News / Opinion / Columns

Sydney Majoko
3 minute read
11 Dec 2018
9:35 am

Constructive dialogue is key to SA’s future

Sydney Majoko

Like Johann Rupert, Patrice Motsepe is saying: we have got to where we are by talking, and we can only go forward by having more conversations.

Johann Rupert with Given Mkhari. Picture: Twitter/Power FM

Given Mkhari, founder and chairperson of Power FM, came in for a lot of criticism this past week after his conversation with Richemont chair Johann Rupert rubbed a lot of people up the wrong way.

It is very naive of anyone to think that the outcome of the conversation would have been anything but a trigger for a lot of black people because of the road our country has travelled.

The billionaire entrepreneur has come to be perceived as the face of the “Stellenbosch mafia”, a group of very wealthy Afrikaans business people who made the most of what apartheid had to offer to get as rich as they have. They are now portrayed as the group who are the power behind the throne, politically.

What many people forget is that South Africa as we know it, is a product of conversations, some public and some secret. It is quite a coincidence that Alex Boraine, the former deputy chairperson of The Truth and Reconciliation Commission, passed away around the same time that Rupert chose to be in conversation with Mkhari about the country and how he sees it.

Boraine famously led a delegation of mainly Afrikaans business people (together with Frederick Van Zyl Slabbert) to meet with a then banned ANC in exile. Their conversation then is what is believed to have paved the way for South Africa’s negotiated settlement.

Rupert did say a lot of what black South Africans regard as unpalatable during his conversation with Mkhari. He generalised about black people not saving, buying cars and partying their money away.

What happened on that platform is what South Africans seem to have abandoned: sit and discuss how they think our deep-rooted societal problems ought to be resolved.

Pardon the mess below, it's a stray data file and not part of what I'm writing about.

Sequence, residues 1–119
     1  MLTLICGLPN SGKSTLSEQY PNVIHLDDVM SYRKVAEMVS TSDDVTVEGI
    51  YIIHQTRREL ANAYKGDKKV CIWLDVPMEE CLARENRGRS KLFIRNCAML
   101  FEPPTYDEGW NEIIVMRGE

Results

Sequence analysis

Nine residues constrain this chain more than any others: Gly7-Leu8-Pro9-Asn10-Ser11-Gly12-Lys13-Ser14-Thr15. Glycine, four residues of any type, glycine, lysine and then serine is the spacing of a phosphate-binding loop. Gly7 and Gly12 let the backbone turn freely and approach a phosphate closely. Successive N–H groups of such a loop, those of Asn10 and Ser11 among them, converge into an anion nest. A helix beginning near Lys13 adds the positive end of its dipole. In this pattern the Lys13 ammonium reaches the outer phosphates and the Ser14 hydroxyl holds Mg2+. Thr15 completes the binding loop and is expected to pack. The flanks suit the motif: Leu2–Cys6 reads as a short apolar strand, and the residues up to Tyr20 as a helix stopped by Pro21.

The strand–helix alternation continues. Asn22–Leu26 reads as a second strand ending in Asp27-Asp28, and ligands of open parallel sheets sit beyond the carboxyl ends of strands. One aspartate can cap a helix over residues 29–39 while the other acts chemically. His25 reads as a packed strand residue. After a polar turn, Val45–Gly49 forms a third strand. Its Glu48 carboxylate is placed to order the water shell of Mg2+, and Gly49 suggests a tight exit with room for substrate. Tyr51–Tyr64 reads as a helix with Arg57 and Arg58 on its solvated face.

The quickest way to get South Africans shouting at each other across racial lines is to give them an uncontrolled social media platform and introduce a racially triggering topic like land expropriation, for instance.

But when have ordinary South Africans had an opportunity to have conversations in a controlled environment where positive outcomes can be aimed for? The country has become so used to screaming racial obscenities at each other that we mock efforts by those with the means to facilitate such conversations.

Another businessperson, African Rainbow Minerals executive chair Patrice Motsepe, tried in his own way during last weekend’s Global Citizen Festival to bring together various stakeholders to be part of an initiative that will eventually be needed in conversations about the future of South Africa.

He had AfriForum, Zulu King Goodwill Zwelithini and Bishop Lekganyane of the Zion Christian Church on stage delivering what is supposed to be a message to all South Africans that we are bound to a common future.

It doesn’t matter that their message got drowned out by excitement of seeing world superstars on stage in South Africa. The point is that like Rupert, Motsepe is saying and sending a similar message to South Africans: we have got to where we are by talking, and we can only go forward by having more conversations.

More constructive conversations are required to take South Africa to the next level.

Sydney Majoko.

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